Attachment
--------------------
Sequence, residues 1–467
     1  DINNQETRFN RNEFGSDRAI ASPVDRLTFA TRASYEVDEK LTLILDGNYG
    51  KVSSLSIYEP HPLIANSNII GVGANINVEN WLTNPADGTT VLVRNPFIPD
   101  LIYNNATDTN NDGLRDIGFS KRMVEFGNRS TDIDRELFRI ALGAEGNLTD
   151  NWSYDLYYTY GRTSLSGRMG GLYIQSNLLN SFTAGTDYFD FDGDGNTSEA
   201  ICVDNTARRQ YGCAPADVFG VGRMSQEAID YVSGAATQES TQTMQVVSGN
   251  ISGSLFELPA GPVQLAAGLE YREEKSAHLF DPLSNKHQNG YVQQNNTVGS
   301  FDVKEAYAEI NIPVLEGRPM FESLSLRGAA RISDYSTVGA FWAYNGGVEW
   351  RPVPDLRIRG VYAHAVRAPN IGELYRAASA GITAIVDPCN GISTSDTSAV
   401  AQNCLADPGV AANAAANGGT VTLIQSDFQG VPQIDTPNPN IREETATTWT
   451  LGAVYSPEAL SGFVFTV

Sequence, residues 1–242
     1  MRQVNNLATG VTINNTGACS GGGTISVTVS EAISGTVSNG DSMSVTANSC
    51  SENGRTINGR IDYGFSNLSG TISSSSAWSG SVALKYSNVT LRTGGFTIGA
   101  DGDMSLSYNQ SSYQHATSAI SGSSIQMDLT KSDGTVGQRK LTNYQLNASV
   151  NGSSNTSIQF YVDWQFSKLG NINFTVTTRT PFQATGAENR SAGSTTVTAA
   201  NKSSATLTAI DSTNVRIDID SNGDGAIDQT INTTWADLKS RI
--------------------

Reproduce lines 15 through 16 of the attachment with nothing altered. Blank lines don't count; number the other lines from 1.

   101  DGDMSLSYNQ SSYQHATSAI SGSSIQMDLT KSDGTVGQRK LTNYQLNASV
   151  NGSSNTSIQF YVDWQFSKLG NINFTVTTRT PFQATGAENR SAGSTTVTAA